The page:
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Home BUSINESSBerner Oy gets National Prize for Innovative Practices
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Sun, 20 Jan, 2013 02:26:39 AM
FTimes Report, January 20

 

Berner Oy  got the Finnish National Prize for Innovative Practices in Employment and Social Policy this year for its outstanding contribution that supported the have supported wellbeing at work among older employees and their ability to cope, or their prospects for employment.

 The prime minister, Jyrki Katainen handed the prize worth about EUR 40,000 over to the company authority last week, said a government press release on January 15.

Berner Oy is a family company founded in 1883. It pays particular attention to the wellbeing of its older employees. Berner has drawn up a Seniors Programme, and, as a result, the average age at which employees retire from the company rose to 63.6 in 2011.

The Programme include collaboration between management, supervisors and staff, covers employees who have reached the age of 55. Together with their supervisor, they draw up a career plan that contains an assessment of to what extent their duties, working hours and working conditions need to change.

It  also include health checks, working ability and leave for senior staff. Those between the ages of 58 and 60 can take off five working days, and those over 60 eight days a year. A condition of leave for senior staff is that the employee takes part in a programme to maintain physical capacity organised by the occupational health care unit and the employer.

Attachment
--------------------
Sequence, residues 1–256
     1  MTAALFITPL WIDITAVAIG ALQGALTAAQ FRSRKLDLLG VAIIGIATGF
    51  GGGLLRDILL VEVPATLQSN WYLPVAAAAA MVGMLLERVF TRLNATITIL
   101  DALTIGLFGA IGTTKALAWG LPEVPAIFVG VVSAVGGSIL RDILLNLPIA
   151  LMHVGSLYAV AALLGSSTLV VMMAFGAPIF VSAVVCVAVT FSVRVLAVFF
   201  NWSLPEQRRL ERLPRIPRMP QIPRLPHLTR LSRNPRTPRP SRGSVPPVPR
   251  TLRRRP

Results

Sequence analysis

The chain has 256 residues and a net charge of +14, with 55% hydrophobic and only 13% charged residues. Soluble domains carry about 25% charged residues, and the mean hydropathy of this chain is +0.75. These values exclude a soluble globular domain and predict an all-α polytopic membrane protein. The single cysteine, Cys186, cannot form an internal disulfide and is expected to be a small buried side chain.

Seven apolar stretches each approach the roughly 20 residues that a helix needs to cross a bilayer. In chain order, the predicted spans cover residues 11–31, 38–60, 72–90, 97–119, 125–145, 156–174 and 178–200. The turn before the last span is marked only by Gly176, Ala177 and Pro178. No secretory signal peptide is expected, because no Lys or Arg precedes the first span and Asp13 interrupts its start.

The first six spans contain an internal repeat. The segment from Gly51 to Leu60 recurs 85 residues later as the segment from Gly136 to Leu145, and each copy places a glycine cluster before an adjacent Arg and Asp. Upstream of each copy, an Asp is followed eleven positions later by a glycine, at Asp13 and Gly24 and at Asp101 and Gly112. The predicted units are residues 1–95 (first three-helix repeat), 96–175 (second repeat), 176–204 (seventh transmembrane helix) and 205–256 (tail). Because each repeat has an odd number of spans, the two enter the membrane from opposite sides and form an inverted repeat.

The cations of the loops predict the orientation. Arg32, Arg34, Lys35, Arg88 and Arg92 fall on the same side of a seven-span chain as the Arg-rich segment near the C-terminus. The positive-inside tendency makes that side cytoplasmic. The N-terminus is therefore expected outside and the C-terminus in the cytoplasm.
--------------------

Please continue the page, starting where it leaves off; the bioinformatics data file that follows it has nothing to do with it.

Background to the National Prize for Innovative Practices in employment and Social Policy

The Finnish National Prize for Innovative Practices in Employment and Social Policy is awarded by the Fund for a National Prize for Innovative Practices in Employment and Social Policy, established by the Ministry of Social Affairs and Health in association with the Finnish Innovation Fund Sitra. The award's patron is President of the Republic Sauli Niinistö.

The aim of the prize is to sustain the social dialogue on wellbeing at work among older employees and on their ability to cope, and to create and share new good practices.

The award has now been handed out three times. Previously it was given to Professor Juhani Ilmarinen from the Finnish Institute of Occupational Health (2008), and to Ruoka-Saarioinen, the Federation of Finnish Technology Industries and the Finnish Metalworkers' Union, who shared it (2010).

 



 

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